Matson reaffirms its bright outlook

By Patrick Burnson, Executive Editor
May 07, 2014 - LM Editorial

Adhering to its initial positive forecast for 2014, Matson, Inc. says its businesses performed as anticipated in the first quarter of 2014, driven by sustained demand in their core markets and continued freight rate.

“While the timing of fuel surcharge collections significantly impacted financial results during this [past] quarter, our businesses are running well and continue to generate substantial cash flow,” Matt Cox, Matson’s President and Chief Executive Officer, told investors. “Coupled with our recent debt financing, we have ample capacity to fund our newbuild vessel commitments, pursue growth opportunities and maintain a healthy dividend.”

As reported here late last year, Matson announced that it raise its rates for the company’s Hawaii service by $175 per westbound container and $85 per eastbound container in 2014.

The company reported net income of $3.4 million, or $0.08 per diluted share for the quarter ended March 31, 2014. Net income for the quarter ended March 31, 2013 was $9.1 million, or $0.21 per diluted share. Consolidated revenue for the first quarter 2014 was $392.5 million compared with $394.7 million reported for the first quarter 2013.

“We continue to be encouraged by our prospects in Hawaii, and in a strengthening broader economy that will positively shape volume in our Jones Act trades and in Logistics,” said Cox. “We expect modest improvement at SSAT and that our premium expedited service offering from China will continue to be in high demand. As a result, we are positioned well to meet or surpass our financial performance from last year.”


Matson believes that the Hawaii economy is in a multi-year recovery and anticipates modest market growth in the trade in 2014. However, a competitor is expected to launch new containership capacity into the trade in the fourth quarter of 2014, which could impact the Company’s container volume. 

In the China trade, overcapacity is expected to continue at least through 2014, with vessel deliveries outpacing demand growth.  However, the Company expects to maintain its volume and average freight rates with high vessel utilization levels, as its expedited service continues to realize a premium to market rates. In Guam, muted growth is expected and the Company envisions its volume to be modestly better than 2013, assuming no new competitors enter the market.



About the Author

image
Patrick Burnson
Executive Editor

Patrick Burnson is executive editor for Logistics Management and Supply Chain Management Review magazines and web sites. Patrick is a widely-published writer and editor who has spent most of his career covering international trade, global logistics, and supply chain management. He lives and works in San Francisco, providing readers with a Pacific Rim perspective on industry trends and forecasts. You can reach him directly at .(JavaScript must be enabled to view this email address).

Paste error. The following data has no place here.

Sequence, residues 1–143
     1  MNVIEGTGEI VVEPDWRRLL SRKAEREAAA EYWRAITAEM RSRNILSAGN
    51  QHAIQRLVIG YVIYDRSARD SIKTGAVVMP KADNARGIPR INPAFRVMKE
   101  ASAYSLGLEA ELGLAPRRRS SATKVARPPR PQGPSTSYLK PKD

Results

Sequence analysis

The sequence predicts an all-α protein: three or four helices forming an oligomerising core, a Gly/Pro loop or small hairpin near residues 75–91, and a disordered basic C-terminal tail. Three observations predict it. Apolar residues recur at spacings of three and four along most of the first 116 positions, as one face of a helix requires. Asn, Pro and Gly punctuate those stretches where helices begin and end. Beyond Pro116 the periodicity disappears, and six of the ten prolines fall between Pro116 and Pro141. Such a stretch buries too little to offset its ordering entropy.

Subscribe to Logistics Management magazine

Subscribe today. It's FREE!
Get timely insider information that you can use to better manage your
entire logistics operation.
Start your FREE subscription today!

Recent Entries

The PMI, the ISM’s index to measure growth fell 0.8 percent to 52.7 (a PMI of 50 or greater represents growth). PMI growth has been at 50 or higher for 31 straight months (with the overall economy growing for 74 months), and the current PMI is 1.7 percent below the 12-month average of 54.4.

The current status of FedEx’ planned acquisition of Netherlands-based TNT-NV and a provider of mail and courier services and the fourth largest global parcel operator for $4.8 billion, which was initially announced in April, remains in flux, with continued actions being taken by the European Commission.

Panjiva said that the 1 percent sequential growth was in line with typically flat growth from May to June, as higher monthly growth typically takes hold in July and August in advance of the holiday season.

Hackett officials described this new offering as a short-term index that offers up “the sentiment for trade at a glance,” akin to other key economic metrics like the PMI and Consumer and Carrier confidence indices, while providing access to specifically see where a group of economic indicators are in relation to trade for the current month, too.

While many industry analysts contend that distribution centers near U.S. East Coast ports will see a surge of new business after the Panama Canal expansion, real estate experts say this phenomena is already underway.

Article Topics

News · Ocean Freight · Container · Logistics · All topics

About the Author

Patrick Burnson, Executive Editor
Patrick Burnson is executive editor for Logistics Management and Supply Chain Management Review. Patrick covers international trade, global logistics, and supply chain management. He lives and works in San Francisco, providing readers with a Pacific Rim perspective on industry trends and forecasts. Contact Patrick Burnson

Comments

Post a comment
Commenting is not available in this channel entry.


© Copyright 2015 Peerless Media LLC, a division of EH Publishing, Inc • 111 Speen Street, Ste 200, Framingham, MA 01701 USA